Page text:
You could set your watch by this. We have a tragedy that impacts lots of lives, like the El Paso mass shooting, and, sure enough, scammers are busy putting up fake web sites and creating phone charities to try to cash in, News Radio 1200 WOAI reports.
"Every time a big major event shakes up the world, usually scammers take the information, digest it, and systematically send it out," said Jason Mesa, who heads the San Antonio Better Business Bureau.
Mesa says just because an appeal is on a crowdfunding site like GoFundMe.com, does not mean its legit. Same with an appeal that might appear on Instagram or Facebook.
"The scammers use big events in the news, they turn around and create fake fundraisers to con donors, they copy pictures of details that pretty much anybody can find." he said.
Among the suggestions, check with give.org to make sure a charity is registered and has a solid BBB score. He says many states require that all charities register with the state and provide regular reports of their donations and contributions, so you can check to make sure the charity is helping the people it claims to be helping.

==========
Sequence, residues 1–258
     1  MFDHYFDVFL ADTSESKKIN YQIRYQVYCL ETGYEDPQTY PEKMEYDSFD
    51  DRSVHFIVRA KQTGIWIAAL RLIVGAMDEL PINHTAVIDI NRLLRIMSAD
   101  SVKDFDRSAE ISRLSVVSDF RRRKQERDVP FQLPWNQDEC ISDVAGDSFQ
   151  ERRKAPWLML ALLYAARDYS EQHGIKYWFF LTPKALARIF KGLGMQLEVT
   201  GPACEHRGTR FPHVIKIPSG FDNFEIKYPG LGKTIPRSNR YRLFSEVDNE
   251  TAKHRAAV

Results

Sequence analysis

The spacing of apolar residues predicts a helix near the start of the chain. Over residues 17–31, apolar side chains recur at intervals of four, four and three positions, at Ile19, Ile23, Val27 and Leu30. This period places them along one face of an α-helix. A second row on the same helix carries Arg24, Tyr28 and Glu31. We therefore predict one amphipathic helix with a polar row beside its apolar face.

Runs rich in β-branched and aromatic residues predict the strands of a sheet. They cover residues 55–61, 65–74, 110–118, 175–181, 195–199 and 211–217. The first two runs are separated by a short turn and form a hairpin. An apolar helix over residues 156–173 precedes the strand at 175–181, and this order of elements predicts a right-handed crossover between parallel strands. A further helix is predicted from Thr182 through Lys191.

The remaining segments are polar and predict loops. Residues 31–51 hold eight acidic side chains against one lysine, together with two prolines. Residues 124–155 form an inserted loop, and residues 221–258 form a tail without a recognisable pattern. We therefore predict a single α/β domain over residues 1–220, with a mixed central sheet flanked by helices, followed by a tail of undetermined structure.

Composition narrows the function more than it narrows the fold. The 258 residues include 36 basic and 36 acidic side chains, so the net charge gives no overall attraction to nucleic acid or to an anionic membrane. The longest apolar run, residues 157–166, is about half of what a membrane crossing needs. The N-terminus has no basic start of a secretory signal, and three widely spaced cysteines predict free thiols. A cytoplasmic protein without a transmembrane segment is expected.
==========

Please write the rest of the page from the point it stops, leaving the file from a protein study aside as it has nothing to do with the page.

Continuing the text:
Mesa also suggests asking the charity how donations will be used. Legitimate campaigns will have a specific destination for the money, while scammers may appear to be vague or evasive.
Also, he suggests against clicking on links in text or in an e-mail to go to a charity's web page, because it could be a look-alike page.
Among the legit charites are:
El Paso Community Foundation is accepting funds to help the families of those affected. The foundation will waive all administrative fees and pay all credit card fees associated with this fund. The Better Business Bureau is working with the County of El Paso and the City of El Paso to try to help in any way we can.
The El Paso Police Department also released this statement: “Please continue sharing our donations link. we have established the El Paso Victims Relief Fund in the Paso del Norte Community Foundation to accept monetary donations to support victims and their families. We appreciate your generosity in this moment of profound tragedy and sadness.”
Mesa says do not donate to anybody who calls you on the phone.
"Be leery of phone calls from anybody asking for donations. They may claim to be from the El Paso Police or from an El Paso based charity. Just hang up."
He points out that just because the call comes from the 915 area code or says 'El Paso' on your phone, that information can be easily 'spoofed' by scammers with the right equipment.